So these next weeks we excerpt some of the highlights of the Encyclical Letter-the most important level of teaching for the Pope. The first part of his Letter is theoretical, discussing and discerning the meanings of love, secular and sacred, the challenges upon it, Catholic-Christian teachings, and how God loves us. The second part discusses how personal and ecclesial-church love manifests in daily action and in the world. The Encyclical is for the most part accessible and inspiring-so read it yourself and be inspired! I just met with a pilgrim and asked her what was a grace she has received in life. She responded, "The ability to feel, to feel intensely." Knowing her, that meant love. Love is a grace, something freely given from above (cf. Jn. 3:30)-"Every good gift comes from above." We all need to pray for more of this grace, this most important virtue-love. For some people live more by the head, by the intellect and thinking, and either neglect or reject the heart, love. We need both, of course. One of life's biggest challenges, and the Pope's major concern, is forging a union between head and heart, eros (feeling-passion) and agape (sacrificial-choosing love). So, let's explore Pope Benedict's inspiration and wisdom. His words below are in italics and quotes, with the paragraph number of the Encyclical included, and this Chaplin's comments follow the ellipses (…).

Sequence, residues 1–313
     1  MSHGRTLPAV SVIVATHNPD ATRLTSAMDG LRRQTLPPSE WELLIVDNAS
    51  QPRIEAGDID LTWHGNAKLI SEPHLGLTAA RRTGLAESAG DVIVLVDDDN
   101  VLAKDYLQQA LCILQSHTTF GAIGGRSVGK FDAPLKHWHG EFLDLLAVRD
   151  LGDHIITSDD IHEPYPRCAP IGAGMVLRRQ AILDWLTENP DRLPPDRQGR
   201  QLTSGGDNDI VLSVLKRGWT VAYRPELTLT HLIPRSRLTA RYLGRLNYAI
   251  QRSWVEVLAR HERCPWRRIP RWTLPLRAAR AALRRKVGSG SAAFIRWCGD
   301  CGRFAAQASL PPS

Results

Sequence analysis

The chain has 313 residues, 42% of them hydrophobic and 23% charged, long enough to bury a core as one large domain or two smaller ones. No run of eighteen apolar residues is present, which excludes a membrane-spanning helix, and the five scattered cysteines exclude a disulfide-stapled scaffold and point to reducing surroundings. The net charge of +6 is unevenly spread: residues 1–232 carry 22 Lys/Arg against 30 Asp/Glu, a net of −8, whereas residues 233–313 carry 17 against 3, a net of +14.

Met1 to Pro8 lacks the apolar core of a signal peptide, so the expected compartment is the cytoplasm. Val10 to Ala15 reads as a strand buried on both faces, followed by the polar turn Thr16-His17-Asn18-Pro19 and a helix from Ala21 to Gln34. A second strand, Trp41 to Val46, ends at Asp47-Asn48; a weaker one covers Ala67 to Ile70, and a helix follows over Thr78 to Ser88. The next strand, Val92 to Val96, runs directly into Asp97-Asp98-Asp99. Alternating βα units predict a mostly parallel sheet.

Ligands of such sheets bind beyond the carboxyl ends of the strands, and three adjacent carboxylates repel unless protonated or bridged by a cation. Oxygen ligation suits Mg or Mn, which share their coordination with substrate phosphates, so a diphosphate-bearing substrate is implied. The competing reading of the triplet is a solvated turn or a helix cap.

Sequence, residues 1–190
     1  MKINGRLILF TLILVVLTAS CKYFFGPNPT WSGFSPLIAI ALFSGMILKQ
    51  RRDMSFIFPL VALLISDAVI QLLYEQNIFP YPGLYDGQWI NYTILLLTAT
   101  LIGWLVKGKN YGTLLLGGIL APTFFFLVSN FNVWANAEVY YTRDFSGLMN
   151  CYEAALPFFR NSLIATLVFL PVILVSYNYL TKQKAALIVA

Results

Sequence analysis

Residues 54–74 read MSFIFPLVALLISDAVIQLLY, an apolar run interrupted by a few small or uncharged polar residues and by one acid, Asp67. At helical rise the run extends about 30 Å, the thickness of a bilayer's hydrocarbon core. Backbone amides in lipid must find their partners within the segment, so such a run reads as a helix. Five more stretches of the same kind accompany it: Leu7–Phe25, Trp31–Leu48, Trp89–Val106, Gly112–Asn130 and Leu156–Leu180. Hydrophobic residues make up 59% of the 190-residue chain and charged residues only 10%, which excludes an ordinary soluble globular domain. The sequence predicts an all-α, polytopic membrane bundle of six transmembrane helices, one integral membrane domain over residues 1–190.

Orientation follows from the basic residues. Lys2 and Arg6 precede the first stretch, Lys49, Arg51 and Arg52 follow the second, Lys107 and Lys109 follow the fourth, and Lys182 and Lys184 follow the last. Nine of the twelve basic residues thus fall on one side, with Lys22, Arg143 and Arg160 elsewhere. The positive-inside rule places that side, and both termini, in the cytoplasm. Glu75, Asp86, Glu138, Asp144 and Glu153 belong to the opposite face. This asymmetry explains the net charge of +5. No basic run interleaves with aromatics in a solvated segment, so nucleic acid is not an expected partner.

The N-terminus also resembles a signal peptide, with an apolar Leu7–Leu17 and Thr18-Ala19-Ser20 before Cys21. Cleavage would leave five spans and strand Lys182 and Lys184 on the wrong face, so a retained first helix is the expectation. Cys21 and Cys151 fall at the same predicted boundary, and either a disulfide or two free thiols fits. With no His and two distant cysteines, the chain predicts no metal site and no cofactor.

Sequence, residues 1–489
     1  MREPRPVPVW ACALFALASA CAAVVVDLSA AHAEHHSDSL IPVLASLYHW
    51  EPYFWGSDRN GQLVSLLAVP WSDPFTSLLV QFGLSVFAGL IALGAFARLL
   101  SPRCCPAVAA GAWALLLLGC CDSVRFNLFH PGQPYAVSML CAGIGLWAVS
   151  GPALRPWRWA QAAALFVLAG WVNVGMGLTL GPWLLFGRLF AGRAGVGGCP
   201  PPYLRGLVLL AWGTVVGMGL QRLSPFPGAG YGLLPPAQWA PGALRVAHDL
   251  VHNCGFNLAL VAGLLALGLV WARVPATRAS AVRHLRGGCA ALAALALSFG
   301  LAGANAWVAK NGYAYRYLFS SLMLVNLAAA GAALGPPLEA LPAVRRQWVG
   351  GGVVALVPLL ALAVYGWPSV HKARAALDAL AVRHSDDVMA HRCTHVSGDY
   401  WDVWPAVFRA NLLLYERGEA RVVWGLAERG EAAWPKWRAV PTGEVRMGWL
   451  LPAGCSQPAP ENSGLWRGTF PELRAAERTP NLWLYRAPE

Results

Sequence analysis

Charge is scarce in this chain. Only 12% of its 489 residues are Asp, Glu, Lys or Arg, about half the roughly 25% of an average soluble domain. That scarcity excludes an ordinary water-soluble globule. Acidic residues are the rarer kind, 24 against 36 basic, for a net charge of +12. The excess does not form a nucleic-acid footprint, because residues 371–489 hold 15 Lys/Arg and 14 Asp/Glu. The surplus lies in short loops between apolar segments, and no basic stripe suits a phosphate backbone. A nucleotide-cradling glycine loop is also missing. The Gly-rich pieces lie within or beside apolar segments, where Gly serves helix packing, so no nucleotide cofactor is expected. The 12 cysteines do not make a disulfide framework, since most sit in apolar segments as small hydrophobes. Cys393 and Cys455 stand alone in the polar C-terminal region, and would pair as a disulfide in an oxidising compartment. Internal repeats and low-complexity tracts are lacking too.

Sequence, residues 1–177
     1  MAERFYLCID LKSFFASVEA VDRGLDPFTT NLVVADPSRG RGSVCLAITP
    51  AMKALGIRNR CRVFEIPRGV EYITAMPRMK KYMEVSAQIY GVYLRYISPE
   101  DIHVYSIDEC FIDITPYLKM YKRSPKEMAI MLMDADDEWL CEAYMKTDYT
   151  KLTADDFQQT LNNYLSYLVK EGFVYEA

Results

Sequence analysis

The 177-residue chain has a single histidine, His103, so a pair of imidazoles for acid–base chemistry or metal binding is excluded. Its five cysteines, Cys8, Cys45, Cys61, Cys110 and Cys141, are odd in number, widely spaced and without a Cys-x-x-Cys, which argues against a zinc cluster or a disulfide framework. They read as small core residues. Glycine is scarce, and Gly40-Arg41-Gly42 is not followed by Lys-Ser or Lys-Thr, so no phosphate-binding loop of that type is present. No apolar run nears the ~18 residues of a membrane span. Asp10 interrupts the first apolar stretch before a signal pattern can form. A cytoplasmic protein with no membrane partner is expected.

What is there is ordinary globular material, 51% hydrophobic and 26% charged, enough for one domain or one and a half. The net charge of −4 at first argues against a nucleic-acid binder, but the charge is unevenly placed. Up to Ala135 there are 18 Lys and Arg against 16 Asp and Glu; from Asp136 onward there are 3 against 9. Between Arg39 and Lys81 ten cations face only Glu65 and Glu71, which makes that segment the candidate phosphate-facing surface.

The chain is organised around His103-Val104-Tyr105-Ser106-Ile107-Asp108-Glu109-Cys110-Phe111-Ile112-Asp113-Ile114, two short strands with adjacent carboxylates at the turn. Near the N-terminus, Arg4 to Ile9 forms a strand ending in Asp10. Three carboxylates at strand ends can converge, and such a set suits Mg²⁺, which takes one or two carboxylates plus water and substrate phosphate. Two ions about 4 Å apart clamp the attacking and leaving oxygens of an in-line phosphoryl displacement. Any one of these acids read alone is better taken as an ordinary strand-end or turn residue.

"God is love, and he who abides in love abides in God, and God abides in him" (1 Jn 4:16). I wish in my first Encyclical to speak of the love which God lavishes upon us and which we in turn must share with others."…Memorize the above Bible verse. It is one of the most unique Scripture verses ever. Love is what God is. Unlike creatures, God doesn't have to "work" at love, to earn or gain it-He possesses it perfectly by His uncreated nature and diffuses it to us--bonum diffusim est: the old Latin maxim means Good is diffusive of itself. God radiates Himself. So: Nestle in God thru the Sacraments and prayer and loving. Receive His love and then spread it to all. The prayer, "Radiating Jesus," is a beautiful way to incarnate this: "Dear Jesus: help us to spread Your fragrance everywhere we go. Flood our souls with Your Spirit and Life. Shine thru us and be so in us that every soul we come in contact with may feel Your Presence in our souls…" God lavishes His love upon us (cf. I Jn. 3:1) by His nature. He "overflows," and some theologians say "boils over" with Love pouring out. I just met a man who is adopting a baby from China. He said, simply, at middle age, he still has more love to give. Do you? Or Will you?! God always has more love to give, for love is His very essence. You've perhaps heard the slogan, "Be like Mike"--the basketball star Michael Jordan. Well, we should say, Be Like God! and give more love away.